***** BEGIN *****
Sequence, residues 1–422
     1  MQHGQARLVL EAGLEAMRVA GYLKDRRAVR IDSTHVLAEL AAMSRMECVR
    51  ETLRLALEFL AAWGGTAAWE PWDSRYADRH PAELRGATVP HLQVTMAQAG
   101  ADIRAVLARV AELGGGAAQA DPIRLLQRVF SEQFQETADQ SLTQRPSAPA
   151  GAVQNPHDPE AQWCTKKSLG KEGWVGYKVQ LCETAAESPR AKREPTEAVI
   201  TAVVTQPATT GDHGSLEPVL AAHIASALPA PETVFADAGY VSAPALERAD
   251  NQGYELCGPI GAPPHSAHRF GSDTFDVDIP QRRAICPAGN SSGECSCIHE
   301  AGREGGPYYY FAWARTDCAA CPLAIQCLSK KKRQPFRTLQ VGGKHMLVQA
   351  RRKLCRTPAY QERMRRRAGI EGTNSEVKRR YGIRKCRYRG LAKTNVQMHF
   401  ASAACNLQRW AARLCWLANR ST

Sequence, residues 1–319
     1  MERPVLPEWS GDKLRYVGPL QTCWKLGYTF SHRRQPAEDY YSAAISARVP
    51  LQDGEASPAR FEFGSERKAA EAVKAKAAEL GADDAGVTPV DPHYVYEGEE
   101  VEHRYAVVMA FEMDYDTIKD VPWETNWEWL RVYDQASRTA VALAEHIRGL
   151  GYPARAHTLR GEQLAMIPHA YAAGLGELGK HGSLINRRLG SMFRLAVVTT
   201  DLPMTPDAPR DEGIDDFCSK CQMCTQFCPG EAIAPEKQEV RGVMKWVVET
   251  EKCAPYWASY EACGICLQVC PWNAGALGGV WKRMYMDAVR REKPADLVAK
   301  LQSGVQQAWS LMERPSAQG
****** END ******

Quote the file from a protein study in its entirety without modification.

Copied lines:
Sequence, residues 1–422
     1  MQHGQARLVL EAGLEAMRVA GYLKDRRAVR IDSTHVLAEL AAMSRMECVR
    51  ETLRLALEFL AAWGGTAAWE PWDSRYADRH PAELRGATVP HLQVTMAQAG
   101  ADIRAVLARV AELGGGAAQA DPIRLLQRVF SEQFQETADQ SLTQRPSAPA
   151  GAVQNPHDPE AQWCTKKSLG KEGWVGYKVQ LCETAAESPR AKREPTEAVI
   201  TAVVTQPATT GDHGSLEPVL AAHIASALPA PETVFADAGY VSAPALERAD
   251  NQGYELCGPI GAPPHSAHRF GSDTFDVDIP QRRAICPAGN SSGECSCIHE
   301  AGREGGPYYY FAWARTDCAA CPLAIQCLSK KKRQPFRTLQ VGGKHMLVQA
   351  RRKLCRTPAY QERMRRRAGI EGTNSEVKRR YGIRKCRYRG LAKTNVQMHF
   401  ASAACNLQRW AARLCWLANR ST

Sequence, residues 1–319
     1  MERPVLPEWS GDKLRYVGPL QTCWKLGYTF SHRRQPAEDY YSAAISARVP
    51  LQDGEASPAR FEFGSERKAA EAVKAKAAEL GADDAGVTPV DPHYVYEGEE
   101  VEHRYAVVMA FEMDYDTIKD VPWETNWEWL RVYDQASRTA VALAEHIRGL
   151  GYPARAHTLR GEQLAMIPHA YAAGLGELGK HGSLINRRLG SMFRLAVVTT
   201  DLPMTPDAPR DEGIDDFCSK CQMCTQFCPG EAIAPEKQEV RGVMKWVVET
   251  EKCAPYWASY EACGICLQVC PWNAGALGGV WKRMYMDAVR REKPADLVAK
   301  LQSGVQQAWS LMERPSAQG